I lived for four years in MacGregor, a very tall, very 70s-esque dorm on the west side of campus. It’s a great place to live, and it fit my personality really well. My closest friends are the people in my entries (I lived in A for three years, then D for my senior year), and, rather critically, I met my boyfriend there. I was MacGregor’s rush chair in 2004, and one of my bit MIT soapboxes is that I believe very strongly in the dorm rush system — I was immediately happy and at home in my dorm because I was a good fit with the residents, and I hope that all future MIT students can feel the connection and community that I experienced as a result of open dorm choice. Dormitory choice is a critical piece of MIT’s culture.
Even though I was a band geek/choir [nasty epithet]/drama queen in high school, I came to MIT and joined the cheerleading squad. I didn’t have any experience, but I got pretty good (I’m stronger than I look!), and I actually became captain my junior year. I really enjoyed being on the squad for a bunch of reasons: the socialization and entertainment, the exercise (I weighed the same when I got to college as when I left), and for three two-hour chunks of time every week when I could run around and joke and not think about signaling pathways and dissociation constants.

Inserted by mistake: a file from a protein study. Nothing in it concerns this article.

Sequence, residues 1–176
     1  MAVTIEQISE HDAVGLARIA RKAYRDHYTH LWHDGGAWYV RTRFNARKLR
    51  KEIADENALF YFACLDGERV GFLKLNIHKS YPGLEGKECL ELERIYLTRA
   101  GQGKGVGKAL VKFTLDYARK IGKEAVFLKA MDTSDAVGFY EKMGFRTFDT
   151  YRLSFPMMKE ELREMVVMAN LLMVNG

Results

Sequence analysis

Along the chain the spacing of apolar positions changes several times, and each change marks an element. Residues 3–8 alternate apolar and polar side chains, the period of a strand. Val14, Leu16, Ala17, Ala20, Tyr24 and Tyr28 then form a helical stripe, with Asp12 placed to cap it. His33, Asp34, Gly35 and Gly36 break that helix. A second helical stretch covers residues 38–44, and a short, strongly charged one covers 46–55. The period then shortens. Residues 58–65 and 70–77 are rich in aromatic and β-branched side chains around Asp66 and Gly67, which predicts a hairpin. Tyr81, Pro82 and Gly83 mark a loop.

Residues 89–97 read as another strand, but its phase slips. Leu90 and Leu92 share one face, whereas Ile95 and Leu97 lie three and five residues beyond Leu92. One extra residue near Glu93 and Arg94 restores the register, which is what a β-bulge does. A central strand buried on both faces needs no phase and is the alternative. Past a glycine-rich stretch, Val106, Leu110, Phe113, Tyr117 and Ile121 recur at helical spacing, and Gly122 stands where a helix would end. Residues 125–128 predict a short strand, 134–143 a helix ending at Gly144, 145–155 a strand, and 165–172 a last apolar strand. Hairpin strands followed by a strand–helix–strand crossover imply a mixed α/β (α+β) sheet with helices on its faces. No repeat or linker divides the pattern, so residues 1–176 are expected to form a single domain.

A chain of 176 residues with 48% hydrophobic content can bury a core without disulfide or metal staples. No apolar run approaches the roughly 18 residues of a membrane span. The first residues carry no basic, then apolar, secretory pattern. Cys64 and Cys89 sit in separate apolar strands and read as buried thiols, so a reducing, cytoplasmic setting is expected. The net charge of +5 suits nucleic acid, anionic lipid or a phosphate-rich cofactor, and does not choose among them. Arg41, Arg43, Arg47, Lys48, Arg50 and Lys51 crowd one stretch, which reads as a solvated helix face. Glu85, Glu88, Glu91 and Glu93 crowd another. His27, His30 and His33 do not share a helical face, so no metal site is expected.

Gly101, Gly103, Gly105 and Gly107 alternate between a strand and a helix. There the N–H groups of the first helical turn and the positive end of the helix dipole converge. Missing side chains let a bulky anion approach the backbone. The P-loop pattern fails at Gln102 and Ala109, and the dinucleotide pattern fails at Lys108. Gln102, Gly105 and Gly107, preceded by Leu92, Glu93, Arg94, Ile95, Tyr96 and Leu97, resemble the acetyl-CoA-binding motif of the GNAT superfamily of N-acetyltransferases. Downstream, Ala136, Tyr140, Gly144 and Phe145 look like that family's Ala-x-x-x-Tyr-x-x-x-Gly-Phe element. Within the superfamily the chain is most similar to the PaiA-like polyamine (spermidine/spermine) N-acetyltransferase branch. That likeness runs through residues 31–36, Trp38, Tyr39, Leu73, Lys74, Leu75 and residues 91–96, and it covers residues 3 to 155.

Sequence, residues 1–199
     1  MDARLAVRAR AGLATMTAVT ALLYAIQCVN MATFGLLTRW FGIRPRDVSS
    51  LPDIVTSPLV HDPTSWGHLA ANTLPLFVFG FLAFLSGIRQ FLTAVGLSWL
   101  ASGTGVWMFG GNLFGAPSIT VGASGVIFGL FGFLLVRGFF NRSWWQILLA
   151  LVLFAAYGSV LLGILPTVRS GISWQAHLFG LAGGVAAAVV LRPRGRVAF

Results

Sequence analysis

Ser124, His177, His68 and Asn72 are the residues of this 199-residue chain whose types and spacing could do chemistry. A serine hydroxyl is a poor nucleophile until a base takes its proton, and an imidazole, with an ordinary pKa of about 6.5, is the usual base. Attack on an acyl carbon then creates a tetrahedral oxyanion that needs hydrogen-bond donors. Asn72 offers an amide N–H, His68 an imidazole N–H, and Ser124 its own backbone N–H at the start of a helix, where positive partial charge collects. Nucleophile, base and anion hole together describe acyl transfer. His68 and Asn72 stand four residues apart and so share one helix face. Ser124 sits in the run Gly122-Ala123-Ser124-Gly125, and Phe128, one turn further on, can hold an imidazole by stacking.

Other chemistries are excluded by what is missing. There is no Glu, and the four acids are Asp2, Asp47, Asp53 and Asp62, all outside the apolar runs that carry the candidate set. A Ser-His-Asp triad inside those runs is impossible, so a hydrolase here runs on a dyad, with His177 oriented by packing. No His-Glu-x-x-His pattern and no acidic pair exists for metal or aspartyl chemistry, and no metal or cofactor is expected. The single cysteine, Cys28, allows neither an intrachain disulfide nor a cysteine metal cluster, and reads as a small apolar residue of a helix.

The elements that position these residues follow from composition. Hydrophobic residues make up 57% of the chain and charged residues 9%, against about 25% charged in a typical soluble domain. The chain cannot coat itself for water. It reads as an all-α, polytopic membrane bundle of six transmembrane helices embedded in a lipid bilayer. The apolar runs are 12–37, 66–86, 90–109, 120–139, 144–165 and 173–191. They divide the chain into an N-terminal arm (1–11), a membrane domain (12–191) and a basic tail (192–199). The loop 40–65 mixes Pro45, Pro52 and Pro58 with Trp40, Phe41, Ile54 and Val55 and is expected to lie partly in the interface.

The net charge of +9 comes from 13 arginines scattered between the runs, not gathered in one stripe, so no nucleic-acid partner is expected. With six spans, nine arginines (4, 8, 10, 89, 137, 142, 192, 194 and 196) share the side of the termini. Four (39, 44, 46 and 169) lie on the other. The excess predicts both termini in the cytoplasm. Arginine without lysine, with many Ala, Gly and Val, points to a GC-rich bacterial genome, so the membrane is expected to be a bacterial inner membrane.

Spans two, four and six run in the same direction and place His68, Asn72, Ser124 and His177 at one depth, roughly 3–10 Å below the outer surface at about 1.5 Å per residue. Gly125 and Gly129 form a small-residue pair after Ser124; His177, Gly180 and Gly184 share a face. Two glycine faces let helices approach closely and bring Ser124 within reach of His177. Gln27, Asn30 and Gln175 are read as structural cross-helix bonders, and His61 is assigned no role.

I am not a super-genius. I wasn’t when I applied, I wasn’t when I got here, and I’m not now. I think MIT has made me into a harder worker and a better critical thinker, and frankly I’ll take those traits over being a super-genius any day. You don’t have to be absurdly brilliant to survive at MIT, but you do have to be willing to put in some honest labor. We subscribe to the New England work ethic around this joint. (Sidenote: One thing I do not understand, and am probably constituitively incapable of understanding, is people who choose other schools over MIT merely because they will have to work less hard elsewhere. It is beyond me that someone would choose not to challenge him/herself at such an opportunity-laden time as college. If you’re going to take the easy road now, you’re going to be taking the easy road for the rest of your life. Ugh.)